It it turns out that a certain wine from a the vineyard of a certain grower doesn’t measure up (or has the wrong profile for Krug) in a certain vintage, it’s simply sold off to some other Champagne producer.
Krug are always careful to point out that Krug Grande Cuvée has a higher priority than Krug Vintage in their production. It’s not enough that the vintage shows good enough on its own for Krug Vintage to be produced, they must also be able to spare wine from the vintage from the production of Grande Cuvée. At the visit in Febrary 2014, we were told that there won’t be a 2012 Krug Vintage. The quality was high but the quantity small, and the store of reserve wines needed to be topped up for use in upcoming batches of Krug Grande Cuvée. The decision regarding the 2013 vintage had not been taken yet, but was due soon.
Bottles of Grande Cuvée rest about six years on the lees before being disgorged and given their cork. In the last couple of years, Krug seems to have increased the time the bottles are kept on cork following disgorgment but before being shopped. Some years ago, this seems to have been half a year, but in the last couple of years I haven’t seen any bottle in a shop that has had its cork for less than a year, and two years has been quite common, since some bottles can also spend some time in the distribution chain. It is therefore quite common for there to be about eight years between the base vintage and the bottle being sold. This means that all recently sold Krug Grande Cuvée is likely to be slightly more ready to drink than it could be a few years ago.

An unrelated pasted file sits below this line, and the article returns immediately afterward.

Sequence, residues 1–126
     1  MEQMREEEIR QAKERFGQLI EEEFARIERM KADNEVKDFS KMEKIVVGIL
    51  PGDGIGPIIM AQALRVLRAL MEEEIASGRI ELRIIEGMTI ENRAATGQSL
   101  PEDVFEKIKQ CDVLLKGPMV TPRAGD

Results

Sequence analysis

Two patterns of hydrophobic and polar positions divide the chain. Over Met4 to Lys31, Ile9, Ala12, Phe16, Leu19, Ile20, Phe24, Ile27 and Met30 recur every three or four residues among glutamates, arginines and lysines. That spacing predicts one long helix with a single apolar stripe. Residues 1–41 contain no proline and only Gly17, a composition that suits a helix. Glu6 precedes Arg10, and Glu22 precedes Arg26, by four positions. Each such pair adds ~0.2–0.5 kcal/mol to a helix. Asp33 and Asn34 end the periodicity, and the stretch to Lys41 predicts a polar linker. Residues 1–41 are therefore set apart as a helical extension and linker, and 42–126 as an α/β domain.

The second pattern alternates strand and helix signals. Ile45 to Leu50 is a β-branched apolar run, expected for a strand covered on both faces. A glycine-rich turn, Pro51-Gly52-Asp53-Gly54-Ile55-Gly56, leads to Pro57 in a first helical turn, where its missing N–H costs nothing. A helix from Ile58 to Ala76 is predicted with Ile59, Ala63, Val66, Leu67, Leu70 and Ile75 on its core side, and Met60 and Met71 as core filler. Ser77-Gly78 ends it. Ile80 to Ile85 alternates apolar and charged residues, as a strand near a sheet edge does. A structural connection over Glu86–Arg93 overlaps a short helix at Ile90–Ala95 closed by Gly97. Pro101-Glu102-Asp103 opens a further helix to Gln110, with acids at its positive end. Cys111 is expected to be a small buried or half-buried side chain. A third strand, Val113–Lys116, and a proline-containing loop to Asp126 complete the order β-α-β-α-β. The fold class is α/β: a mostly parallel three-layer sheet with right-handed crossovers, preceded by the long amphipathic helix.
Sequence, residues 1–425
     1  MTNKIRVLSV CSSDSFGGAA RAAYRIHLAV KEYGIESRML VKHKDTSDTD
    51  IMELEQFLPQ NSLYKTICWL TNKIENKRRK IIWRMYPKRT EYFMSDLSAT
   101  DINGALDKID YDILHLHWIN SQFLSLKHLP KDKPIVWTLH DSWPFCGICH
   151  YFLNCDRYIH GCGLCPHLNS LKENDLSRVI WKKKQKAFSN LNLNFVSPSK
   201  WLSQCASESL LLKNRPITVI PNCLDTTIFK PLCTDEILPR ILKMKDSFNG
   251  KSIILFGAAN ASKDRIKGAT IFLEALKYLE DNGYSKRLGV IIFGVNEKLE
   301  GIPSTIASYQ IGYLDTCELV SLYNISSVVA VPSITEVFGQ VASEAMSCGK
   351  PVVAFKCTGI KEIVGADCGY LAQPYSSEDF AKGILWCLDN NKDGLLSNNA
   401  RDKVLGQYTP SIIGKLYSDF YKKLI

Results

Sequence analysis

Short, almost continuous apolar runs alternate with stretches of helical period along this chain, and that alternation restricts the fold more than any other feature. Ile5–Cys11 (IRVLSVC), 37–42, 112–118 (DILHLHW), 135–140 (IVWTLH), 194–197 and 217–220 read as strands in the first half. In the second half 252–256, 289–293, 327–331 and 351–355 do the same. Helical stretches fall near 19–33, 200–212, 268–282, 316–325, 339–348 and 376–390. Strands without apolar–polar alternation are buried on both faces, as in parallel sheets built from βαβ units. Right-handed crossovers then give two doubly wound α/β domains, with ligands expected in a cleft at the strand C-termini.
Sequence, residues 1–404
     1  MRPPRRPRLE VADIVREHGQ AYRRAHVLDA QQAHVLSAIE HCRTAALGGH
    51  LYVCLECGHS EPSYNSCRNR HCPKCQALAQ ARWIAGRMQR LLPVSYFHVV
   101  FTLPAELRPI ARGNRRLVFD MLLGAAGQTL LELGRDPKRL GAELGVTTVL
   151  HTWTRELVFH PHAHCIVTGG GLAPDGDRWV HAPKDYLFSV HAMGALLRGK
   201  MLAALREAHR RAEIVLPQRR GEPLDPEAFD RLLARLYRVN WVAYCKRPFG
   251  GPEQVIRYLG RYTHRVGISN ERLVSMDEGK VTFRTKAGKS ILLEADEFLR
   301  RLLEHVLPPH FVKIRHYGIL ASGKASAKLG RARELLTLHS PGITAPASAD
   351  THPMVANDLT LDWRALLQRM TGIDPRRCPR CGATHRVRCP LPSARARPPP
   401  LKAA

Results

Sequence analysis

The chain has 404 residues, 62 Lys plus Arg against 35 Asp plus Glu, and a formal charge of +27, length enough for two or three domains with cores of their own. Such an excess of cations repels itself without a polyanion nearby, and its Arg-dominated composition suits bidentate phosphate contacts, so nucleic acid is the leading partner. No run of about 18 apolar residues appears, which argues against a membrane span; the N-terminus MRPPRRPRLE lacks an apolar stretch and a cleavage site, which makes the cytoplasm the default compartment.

The week of the tasting, I checked what I could buy off shelf in Stockholm, and that was bottles with 2005 as the base vintage, although they were disgorged in 2012 rather 2011 as the bottles I already had. Later in 2014 I bought Grande Cuvée with 2006 as the base vintage. Demis are 1-2 years younger when they are sold, last year I saw demis with 2007 as the base vintage. Magnums are reasonably older, but here I don’t have a figure to give, since I haven’t been able to check many of those. It does seem that same batch is being filled in different formats in one and the same year, although they are disgorged at different times.
The ID code and the age of the bottles
All bottles of Grande Cuvée leaving Krug’s cellar since mid-2011 carry an ID code on their back label. (For a picture, see below, next to the tasting notes.) This code makes it possible to get information about vintages in the blend, disgorgement dates and so on. This page at the Krug website can be used, and this is where I got the information about the Grande Cuvée with 2005 as the base vintage (ID 411046) that I used as an example above.
For older bottles, that don’t have an ID code, the age can often be judged from the label design and in some cases a code printed on the cork. There’s a 2012 blog post where I’ve summarised how to draw conclusions from the label and cork.